It is 知見, as you pointed out, that I am not so cautiously sure about. There are also some double-meanings which seem equally likely for certain characters, namely 已/,

尊者難陀!我等已曾於此法如實知見,
Respected one Nanda! I constantly after [that] previous-time in this dharma[,] self evident[,] discern understanding,

The trouble is finding what the verb is interacting with. Is 知/"to discern" modifying 如實/"thus real" or 我/"I". I think it is more likely modifying 我/"I", which would make 如實/"thus real" modify 此法/"this dharma" as an describing phrase for that dharma.

If 知/"to discern" is modifying 如實/"thus real", then I have no clue what this sentence is trying to say, and I'm ok with that. It just means, I guess, that the translators have hidden the verb of the sentence in a different sentence earlier in the discourse, and are referring to that verb without mentioning it (those crafty ones! :D ).

Suffice to say, is this a valid reading of 知見 in your opinion, "to discern wisdom/understanding"?
神足示現者,
世尊隨其所應,而示現入禪定正受,陵虛至東方,作四威儀,
行、住、坐、臥,入火三昧,出種種火光,青、黃、赤、白、
紅、頗梨色,水火俱現, 或身下出火,身上出水,身上出火,
身下出水,周圓四方亦復如是。

atipattoh
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Re: Āgama translation questions

Post by atipattoh » Fri Feb 24, 2017 3:55 am

Coëmgenu wrote:Suffice to say, is this a valid reading of 知見 in your opinion, "to discern wisdom/understanding"?
Yes, can take ‘知見’ as understood as the parallel MN146, the word for it is ājānatī .
Tattha ājānantīhi: ‘ājānāmā’ tissa vacanīyaṃ, na ājānantīhi: ‘na ājānāmā’ tissa vacanīyaṃ.
Discern is alright but not wisdom, the word for wisdom is 智 (見/慧)

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Coëmgenu
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Re: Āgama translation questions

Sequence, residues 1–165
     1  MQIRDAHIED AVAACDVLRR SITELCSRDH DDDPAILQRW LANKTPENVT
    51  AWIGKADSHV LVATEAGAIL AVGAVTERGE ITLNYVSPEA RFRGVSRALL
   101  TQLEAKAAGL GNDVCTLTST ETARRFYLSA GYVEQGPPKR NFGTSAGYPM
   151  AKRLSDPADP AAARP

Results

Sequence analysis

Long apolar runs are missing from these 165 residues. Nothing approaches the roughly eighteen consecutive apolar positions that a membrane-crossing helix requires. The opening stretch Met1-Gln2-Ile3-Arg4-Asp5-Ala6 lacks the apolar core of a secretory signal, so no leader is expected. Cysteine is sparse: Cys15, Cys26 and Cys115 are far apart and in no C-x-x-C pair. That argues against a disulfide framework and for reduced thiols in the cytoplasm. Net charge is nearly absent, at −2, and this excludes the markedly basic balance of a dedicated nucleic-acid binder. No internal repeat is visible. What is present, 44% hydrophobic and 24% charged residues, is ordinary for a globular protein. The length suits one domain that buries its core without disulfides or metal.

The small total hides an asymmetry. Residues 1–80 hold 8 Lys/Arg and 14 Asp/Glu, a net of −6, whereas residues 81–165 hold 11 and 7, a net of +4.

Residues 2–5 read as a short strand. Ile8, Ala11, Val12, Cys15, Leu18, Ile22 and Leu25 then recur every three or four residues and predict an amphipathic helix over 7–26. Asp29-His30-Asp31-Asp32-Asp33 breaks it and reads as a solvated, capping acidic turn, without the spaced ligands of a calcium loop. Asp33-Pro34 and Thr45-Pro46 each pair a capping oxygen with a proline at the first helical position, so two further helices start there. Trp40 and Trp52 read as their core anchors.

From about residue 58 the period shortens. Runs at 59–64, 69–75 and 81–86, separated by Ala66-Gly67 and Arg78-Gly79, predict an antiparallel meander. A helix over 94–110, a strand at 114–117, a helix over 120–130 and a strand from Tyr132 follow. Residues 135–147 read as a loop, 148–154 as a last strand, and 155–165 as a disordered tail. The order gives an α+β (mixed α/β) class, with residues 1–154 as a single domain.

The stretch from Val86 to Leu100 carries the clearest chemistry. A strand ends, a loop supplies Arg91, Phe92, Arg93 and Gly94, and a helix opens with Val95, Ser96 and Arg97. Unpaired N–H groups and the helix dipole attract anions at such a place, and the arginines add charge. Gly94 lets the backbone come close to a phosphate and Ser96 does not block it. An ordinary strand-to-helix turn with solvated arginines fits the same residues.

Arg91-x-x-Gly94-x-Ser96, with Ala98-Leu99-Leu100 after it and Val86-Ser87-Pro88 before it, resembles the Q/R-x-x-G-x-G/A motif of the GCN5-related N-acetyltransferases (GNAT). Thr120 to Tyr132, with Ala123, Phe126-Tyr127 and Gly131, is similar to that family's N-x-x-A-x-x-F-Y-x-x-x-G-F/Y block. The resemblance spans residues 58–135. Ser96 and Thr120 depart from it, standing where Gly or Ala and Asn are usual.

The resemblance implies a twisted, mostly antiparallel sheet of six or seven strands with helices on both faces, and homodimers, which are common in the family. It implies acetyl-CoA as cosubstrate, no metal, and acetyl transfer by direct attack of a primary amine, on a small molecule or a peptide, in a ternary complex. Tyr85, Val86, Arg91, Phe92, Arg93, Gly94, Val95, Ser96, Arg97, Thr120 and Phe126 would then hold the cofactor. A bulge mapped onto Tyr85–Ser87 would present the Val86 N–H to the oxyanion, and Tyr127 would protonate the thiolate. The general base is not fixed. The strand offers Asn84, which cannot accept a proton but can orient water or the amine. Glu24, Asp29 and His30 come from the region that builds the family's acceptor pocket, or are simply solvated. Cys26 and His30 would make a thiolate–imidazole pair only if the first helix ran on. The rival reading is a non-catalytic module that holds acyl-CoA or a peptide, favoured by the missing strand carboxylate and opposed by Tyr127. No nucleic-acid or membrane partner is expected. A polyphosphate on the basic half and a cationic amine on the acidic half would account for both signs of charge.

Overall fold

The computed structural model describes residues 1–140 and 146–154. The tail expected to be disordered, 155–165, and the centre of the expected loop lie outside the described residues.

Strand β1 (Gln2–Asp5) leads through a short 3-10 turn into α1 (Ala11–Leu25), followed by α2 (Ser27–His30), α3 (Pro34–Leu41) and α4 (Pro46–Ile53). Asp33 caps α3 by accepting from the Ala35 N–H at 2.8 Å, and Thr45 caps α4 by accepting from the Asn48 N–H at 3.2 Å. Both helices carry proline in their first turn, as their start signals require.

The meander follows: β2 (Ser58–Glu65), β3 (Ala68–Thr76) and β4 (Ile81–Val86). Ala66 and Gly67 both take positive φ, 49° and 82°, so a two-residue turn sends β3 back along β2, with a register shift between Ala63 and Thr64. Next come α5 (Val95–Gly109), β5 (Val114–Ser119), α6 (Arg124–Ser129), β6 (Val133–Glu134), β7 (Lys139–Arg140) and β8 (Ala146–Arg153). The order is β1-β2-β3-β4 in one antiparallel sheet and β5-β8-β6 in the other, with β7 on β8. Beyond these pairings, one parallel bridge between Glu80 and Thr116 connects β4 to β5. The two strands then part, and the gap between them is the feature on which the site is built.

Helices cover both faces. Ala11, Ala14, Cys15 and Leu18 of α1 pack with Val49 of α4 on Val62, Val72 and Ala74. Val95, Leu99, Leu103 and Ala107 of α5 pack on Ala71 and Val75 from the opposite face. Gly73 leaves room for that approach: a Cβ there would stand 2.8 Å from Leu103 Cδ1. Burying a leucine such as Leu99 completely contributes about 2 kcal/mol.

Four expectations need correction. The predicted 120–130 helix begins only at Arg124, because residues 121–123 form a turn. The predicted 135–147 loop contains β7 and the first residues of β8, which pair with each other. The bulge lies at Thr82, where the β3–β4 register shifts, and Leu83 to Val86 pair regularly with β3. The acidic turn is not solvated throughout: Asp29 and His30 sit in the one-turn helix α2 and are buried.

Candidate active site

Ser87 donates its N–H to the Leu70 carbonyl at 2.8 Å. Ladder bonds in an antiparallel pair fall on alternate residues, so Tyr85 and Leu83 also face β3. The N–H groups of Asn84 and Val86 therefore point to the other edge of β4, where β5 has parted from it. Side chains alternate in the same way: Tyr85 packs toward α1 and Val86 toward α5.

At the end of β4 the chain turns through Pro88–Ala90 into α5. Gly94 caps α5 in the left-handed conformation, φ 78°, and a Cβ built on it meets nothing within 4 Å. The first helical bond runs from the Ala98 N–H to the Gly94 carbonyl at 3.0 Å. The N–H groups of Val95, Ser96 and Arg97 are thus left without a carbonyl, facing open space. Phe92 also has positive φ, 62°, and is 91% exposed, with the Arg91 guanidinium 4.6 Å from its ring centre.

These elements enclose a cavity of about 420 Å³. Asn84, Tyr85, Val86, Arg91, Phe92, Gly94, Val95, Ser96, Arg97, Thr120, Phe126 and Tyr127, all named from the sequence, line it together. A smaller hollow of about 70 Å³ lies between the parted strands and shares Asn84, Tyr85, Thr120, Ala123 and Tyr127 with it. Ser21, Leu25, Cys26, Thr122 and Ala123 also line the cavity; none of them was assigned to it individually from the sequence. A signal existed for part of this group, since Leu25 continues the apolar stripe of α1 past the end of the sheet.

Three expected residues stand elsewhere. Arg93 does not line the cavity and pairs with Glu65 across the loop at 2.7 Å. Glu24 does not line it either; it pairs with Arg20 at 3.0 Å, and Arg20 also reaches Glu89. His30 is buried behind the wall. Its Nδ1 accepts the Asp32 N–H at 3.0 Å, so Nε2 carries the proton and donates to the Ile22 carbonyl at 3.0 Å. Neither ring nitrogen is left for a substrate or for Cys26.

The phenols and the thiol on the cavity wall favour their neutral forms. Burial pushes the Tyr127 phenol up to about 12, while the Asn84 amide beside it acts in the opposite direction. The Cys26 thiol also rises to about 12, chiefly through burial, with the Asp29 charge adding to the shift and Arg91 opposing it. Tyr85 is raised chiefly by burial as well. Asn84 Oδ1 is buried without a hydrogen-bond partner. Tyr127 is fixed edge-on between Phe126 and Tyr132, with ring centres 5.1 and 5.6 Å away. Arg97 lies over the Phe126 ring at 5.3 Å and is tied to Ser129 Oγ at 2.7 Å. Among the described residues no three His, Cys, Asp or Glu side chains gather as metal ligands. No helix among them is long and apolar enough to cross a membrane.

Post by Coëmgenu » Fri Feb 24, 2017 7:00 pm

atipattoh wrote:
Coëmgenu wrote:Suffice to say, is this a valid reading of 知見 in your opinion, "to discern wisdom/understanding"?
[...]
Discern is alright but not wisdom, the word for wisdom is 智 (見/慧)
I think the multicharacter reading of 知見 as "one word" (discern) might be a development of later Literary Chinese. I don't say this for certain because I am aware of my amateur attainment in this field that I am interested in.

The dictionaries and textbooks I consulted listed 知 as a verb that means "to discern", among a host of other readings, and 見 as a noun that means "understanding" or "wisdom". Are the pairing of these two characters to mean a single verb a feature of Classical Chinese? I know this happens frequently in modern Chinese, which is full of two and three syllable words, consisting of 2 to 3 characters respectively, but the dominant narratives concerning Classical Chinese grammar that I have inherited stick to a "one character one word" system of reading. Is this the case in your experience?
神足示現者,
世尊隨其所應,而示現入禪定正受,陵虛至東方,作四威儀,
行、住、坐、臥,入火三昧,出種種火光,青、黃、赤、白、
紅、頗梨色,水火俱現, 或身下出火,身上出水,身上出火,
身下出水,周圓四方亦復如是。

atipattoh
Posts: 95
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Re: Āgama translation questions